And back then webinars worked great, you know, there was a, there was sort of a playbook and everybody had it and, you know, you, you do a certain amount of marketing to get people to come to the webinar and then a certain percentage of people that come to the webinar book appointments and that turns into sales. And it was a really great way to get, uh, new business. a while ago, and then the pandemic happened and everybody suddenly was living on Zoom and it created, uh, an experience for a lot of our clients and, and for us, where a lot of people were saying, Hey, webinars are dead. You know, like. Yeah. Nobody's, everybody's zoomed out, you know, nobody wants to do this anymore. Um, people sign up and don't show up. All the complaints, right? And for some of our clients and, and for ourselves, I was convinced that it didn't have to be that way and that there was, there was still value there, uh, because people don't go from zero to purchase as consumers, period. So you do have to, you know, nurture somebody, uh, whether it's a funnel or a flywheel, whatever your process is, you still have to take somebody from the place where they first heard about you to the place where they're comfortable with you enough to fork over money and pay you for what you do or sell or produce, right?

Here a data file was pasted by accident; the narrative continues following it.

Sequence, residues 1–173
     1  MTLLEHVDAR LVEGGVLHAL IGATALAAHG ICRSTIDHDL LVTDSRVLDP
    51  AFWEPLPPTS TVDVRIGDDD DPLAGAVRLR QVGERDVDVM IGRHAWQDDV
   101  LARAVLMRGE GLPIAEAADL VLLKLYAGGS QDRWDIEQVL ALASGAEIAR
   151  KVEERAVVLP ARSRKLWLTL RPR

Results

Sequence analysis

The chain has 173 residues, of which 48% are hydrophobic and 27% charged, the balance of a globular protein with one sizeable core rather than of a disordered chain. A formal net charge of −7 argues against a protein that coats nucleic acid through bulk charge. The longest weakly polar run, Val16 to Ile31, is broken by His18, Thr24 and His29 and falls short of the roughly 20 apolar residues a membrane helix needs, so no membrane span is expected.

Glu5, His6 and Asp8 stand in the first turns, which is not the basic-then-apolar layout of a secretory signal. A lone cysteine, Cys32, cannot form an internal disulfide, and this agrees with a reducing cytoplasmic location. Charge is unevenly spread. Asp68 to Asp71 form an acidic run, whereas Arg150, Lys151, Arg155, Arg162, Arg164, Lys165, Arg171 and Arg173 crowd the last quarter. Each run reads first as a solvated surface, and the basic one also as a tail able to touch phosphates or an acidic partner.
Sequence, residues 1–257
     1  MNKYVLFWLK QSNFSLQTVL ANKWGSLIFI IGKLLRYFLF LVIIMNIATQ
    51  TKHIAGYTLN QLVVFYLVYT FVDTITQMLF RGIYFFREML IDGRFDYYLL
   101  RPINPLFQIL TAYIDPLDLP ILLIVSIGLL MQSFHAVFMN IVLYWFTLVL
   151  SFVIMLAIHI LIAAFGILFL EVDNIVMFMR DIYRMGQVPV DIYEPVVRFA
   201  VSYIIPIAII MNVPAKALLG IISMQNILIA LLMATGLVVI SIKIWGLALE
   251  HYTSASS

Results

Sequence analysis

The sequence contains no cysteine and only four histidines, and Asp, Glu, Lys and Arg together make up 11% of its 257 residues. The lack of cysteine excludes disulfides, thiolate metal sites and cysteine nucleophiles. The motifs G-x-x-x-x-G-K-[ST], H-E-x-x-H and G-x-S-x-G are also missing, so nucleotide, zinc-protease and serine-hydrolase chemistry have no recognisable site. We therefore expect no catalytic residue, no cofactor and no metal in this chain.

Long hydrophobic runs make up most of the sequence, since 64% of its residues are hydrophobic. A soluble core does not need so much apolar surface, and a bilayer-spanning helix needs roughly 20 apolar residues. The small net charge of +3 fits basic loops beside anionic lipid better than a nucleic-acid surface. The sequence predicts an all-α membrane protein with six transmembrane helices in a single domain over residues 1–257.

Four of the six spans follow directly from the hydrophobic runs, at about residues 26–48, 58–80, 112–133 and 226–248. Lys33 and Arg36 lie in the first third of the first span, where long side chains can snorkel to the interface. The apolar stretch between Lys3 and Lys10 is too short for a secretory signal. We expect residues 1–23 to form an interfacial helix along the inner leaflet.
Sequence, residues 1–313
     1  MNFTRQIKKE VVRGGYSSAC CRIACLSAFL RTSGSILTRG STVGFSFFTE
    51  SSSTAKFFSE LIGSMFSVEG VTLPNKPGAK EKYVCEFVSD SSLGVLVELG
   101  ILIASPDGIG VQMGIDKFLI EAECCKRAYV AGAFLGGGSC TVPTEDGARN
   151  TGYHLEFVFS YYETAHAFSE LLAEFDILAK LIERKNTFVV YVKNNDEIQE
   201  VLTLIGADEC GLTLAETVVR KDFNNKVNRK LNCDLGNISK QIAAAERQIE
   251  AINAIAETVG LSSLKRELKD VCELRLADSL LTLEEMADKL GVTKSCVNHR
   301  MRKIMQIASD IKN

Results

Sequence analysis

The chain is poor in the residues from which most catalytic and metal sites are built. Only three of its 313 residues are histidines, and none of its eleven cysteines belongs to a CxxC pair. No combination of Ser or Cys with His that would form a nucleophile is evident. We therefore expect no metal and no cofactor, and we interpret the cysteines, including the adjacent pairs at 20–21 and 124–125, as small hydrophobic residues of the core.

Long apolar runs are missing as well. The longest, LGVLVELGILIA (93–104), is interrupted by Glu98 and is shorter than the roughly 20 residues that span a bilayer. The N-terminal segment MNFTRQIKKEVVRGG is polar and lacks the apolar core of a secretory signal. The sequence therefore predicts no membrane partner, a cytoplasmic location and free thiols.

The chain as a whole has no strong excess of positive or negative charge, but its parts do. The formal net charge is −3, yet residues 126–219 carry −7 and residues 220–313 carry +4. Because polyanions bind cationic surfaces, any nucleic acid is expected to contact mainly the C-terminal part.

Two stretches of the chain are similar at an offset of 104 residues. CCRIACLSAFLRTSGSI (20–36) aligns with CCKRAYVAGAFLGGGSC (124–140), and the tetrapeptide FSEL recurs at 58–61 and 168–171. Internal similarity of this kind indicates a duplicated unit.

To me, it was more about how can we reimagine this thing and do it a little bit differently.
Pete: Well, I love that the example that you're sharing today is, uh, is you showing how it's done, because it sounds like you have customers who also run webinars or, or want to run webinars. What sorts of mistakes do you see people making now, Tracy, where things have changed?
Tracy: For one thing, I think you can't call it a webinar anymore. . . Um, because people expect that I can sign up for the webinar, I don't have to show up, and they're gonna send me a recording of it afterward, so I can get the information later. It's not really required that I be there to get it. And so I think you have to reframe what it is so that people understand that they wanna show up. So one of the things that we did in this case study that we'll we're gonna talk through is we reframed it as a workshop. Mm-hmm. , uh, sure it was a webinar. We were on Zoom and all the things, you know, but we made it clear to people that it would be an interactive experience by naming it and describing it a little bit differently..